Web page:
Meet the Georgian Winemaker Who Sleeps in His Cellar and Makes Wine the Old-School Way
Winemaking has been an essential part of Georgian way of life for thousands of years—and it hasn't changed much during that time
“Here, drink this,” says Georges Aladashvili, the winemaker of Ruisipiri Biodynamic Vineyard. He hands me what I take to be a glass of wine, but what I realize is some kind of liquor after a big sip. I struggle a bit, but declining to drink is not an option. “It will make the work more fun,” he says.
I’m in Georgia, a country known for its generous and boozy hospitality. It is October and almost the end of harvest time here. We are in Kakheti, the most productive wine region of the country. The scenery is dominated by the snow-capped Caucasus Mountains and vineyards. It seems the nutrient-poor soils of Kakheti are ideal for growing grapes, and have been for thousands of years.
It took two hours and a handful of near-death experiences with Aladashvili, who studied winemaking in Switzerland. to get to the vineyard in Telavi, a small sub-region of Kakheti. Coming out of the car, I notice big holes in the ground and begin to consider the probability of my head being chopped off with a blunt shovel. “We are going to put some new amphoraes here,” he says, and we proceed to a small shed next to one of his vineyards for some chamomile tea and cake.
RECOMMENDED: The World’s First Winery
Wine has been an essential part of Georgian way of life for thousands of years. It’s something Georgians have always known but now have proof: a recent study show that wine-making in Georgia goes back at least to 6,000 B.C.
Winemaking is suitably old-fashioned here—grape-stomping fun included. Underground clay vessels, known as qvevri or amphorae, are a crucial part of Georgian wine-making and cultural heritage. The flavor profile of qvevri wines can vary from extremely “rustic” to clean and nuanced fruitiness. Some of the white wines are made with skin contact which results in deeper color, robust flavors, and red-wine like tannins. In recent years wines produced in qvevri has become fashionable, and you can find them in most trendy wine bars around the world. It’s still quite niche but an increasingly popular category.
But despite that growing in interest the category, when you arrive at Aladashvili’s winery in Ruispiri, you can throw words like “fashionable” and “trendy” right out the window. It’s basically four walls and a roof. There is no polished tasting room. The most high-tech equipment they have is a vehicle, some sort of a cross between a moped and an old lawnmower, that is used for transporting grapes from the nearby vineyards.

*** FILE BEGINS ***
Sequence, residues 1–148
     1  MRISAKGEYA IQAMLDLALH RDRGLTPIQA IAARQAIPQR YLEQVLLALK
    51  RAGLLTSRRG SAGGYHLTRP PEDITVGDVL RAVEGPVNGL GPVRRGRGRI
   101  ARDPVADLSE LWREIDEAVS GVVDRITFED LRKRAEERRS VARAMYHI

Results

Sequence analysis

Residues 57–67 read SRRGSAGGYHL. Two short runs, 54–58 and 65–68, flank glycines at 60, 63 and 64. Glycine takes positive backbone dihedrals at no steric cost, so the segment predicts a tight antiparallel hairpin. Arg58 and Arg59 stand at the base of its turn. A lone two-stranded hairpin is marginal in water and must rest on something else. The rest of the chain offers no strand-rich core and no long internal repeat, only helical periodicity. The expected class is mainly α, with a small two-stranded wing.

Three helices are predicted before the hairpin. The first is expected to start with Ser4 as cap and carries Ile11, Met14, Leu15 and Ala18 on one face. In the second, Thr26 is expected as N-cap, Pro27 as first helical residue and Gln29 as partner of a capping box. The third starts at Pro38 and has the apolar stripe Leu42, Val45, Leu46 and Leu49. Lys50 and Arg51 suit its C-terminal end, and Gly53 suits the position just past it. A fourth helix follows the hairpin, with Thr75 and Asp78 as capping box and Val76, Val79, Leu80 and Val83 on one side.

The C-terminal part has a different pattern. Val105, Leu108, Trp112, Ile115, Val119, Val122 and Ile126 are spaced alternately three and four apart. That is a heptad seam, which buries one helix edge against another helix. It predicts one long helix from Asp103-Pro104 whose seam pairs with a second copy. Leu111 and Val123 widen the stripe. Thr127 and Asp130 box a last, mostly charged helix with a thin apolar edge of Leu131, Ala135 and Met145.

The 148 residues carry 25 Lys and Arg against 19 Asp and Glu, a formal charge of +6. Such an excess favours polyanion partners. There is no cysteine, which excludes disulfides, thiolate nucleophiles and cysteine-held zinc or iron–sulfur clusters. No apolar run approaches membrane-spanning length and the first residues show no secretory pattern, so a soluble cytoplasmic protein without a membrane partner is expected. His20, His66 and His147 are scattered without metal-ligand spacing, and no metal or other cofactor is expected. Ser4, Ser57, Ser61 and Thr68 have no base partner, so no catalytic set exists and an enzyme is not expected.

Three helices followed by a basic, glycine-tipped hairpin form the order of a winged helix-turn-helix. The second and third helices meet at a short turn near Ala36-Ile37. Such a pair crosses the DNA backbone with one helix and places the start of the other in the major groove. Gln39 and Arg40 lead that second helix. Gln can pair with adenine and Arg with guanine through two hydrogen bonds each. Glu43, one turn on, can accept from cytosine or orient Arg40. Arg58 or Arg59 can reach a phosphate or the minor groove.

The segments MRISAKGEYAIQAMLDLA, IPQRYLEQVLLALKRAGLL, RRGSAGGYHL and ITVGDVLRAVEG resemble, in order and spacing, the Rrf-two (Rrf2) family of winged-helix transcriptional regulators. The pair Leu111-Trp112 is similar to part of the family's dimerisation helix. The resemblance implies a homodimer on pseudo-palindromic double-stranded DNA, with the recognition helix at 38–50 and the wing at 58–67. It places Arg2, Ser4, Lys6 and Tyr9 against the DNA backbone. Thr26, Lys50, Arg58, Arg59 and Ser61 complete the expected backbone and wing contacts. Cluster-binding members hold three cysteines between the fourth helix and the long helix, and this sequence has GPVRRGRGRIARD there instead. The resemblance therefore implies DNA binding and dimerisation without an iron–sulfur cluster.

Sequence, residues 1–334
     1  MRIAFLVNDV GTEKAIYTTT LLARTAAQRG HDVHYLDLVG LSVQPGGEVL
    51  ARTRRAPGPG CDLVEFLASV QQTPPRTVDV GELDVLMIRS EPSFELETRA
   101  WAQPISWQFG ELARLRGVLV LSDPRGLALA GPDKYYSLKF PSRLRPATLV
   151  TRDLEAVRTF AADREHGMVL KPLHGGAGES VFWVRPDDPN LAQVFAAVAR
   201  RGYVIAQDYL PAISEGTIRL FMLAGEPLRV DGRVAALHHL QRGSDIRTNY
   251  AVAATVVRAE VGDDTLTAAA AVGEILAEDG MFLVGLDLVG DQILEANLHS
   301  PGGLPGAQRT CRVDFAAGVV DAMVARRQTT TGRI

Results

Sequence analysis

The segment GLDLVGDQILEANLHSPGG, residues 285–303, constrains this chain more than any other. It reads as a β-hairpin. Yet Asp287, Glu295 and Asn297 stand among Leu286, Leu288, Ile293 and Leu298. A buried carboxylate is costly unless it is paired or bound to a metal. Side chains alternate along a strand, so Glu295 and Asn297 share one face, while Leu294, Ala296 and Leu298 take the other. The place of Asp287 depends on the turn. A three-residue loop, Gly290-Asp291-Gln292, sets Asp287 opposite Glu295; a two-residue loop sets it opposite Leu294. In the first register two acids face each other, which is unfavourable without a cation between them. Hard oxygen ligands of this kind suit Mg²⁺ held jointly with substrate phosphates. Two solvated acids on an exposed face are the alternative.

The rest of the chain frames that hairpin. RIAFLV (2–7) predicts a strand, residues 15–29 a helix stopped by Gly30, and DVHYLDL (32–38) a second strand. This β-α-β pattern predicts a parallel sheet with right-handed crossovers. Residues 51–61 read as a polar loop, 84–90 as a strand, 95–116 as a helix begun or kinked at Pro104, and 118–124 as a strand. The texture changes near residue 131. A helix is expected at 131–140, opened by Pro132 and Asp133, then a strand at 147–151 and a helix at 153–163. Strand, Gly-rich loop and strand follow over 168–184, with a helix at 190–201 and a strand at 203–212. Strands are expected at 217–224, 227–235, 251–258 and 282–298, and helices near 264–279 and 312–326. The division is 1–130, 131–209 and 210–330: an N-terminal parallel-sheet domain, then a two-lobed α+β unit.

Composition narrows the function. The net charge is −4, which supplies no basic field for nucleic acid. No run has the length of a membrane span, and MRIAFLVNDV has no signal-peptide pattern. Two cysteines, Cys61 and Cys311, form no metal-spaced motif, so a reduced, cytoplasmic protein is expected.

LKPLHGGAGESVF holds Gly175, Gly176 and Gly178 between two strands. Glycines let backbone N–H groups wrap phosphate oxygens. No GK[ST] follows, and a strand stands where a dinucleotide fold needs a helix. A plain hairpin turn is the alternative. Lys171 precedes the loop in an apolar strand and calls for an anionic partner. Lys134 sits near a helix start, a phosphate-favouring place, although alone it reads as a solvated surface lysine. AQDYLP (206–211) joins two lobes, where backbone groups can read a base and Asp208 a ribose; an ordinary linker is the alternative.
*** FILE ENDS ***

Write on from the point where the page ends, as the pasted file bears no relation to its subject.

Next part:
I make my way to the wine cellar where the qvevri are buried underground. “Don’t go in there,” Aladashvili says. “You will disturb the wine. The wine is resting now.” I was at first tempted to roll my eyes, but he said it with such genuine concern that I had to take a few steps back. After some negotiating, I was allowed to go in and take a few pictures. The ground is riddled with concealed qvevris. I notice a bed in the cellar. “I sleep here, Aladashvili tells me. “I don’t have time for any social life during harvest.”
Aladashvili has sold out his previous vintages, so he offers some wine from the current vintage, a sort of “Kakheti nouveau“. The wine has recently finished fermentation and is deep orange in color. Had I been given it blind, I would have never guessed it’s from the 2017 harvest. Instead of youthful berry-like aromas there was a bucketful of ripe fruit and nutty aromas.
It’s a small operation. Aladashvili owns two hectares of vineyards and rents another five, producing approximately 7,000 bottles a year. In Georgia, indigenous grape varieties are abundant. Most of the varieties do not ring a bell, even among the most seasoned wine professionals.
I had promised to help a bit with the harvest, so we continue to a nearby vineyard where we harvest white mtsvane and rkatsiteli grapes. Boxes filled with grapes are loaded on the transport vehicle, and as soon as one of the workers was able to yank the engine on, the grapes were delivered to the winery.
After weighing our haul, the bunches are thrown into trough to be crushed by foot. But not before the winemaker pours us that big glass of chacha, that local go-to spirit. The juice stomped out from the grapes runs down a drainpipe into a qvevri, where it will undergo alcoholic fermentation. It’s a simple and straightforward method which has remained unchanged for centuries—if not a millennium or two.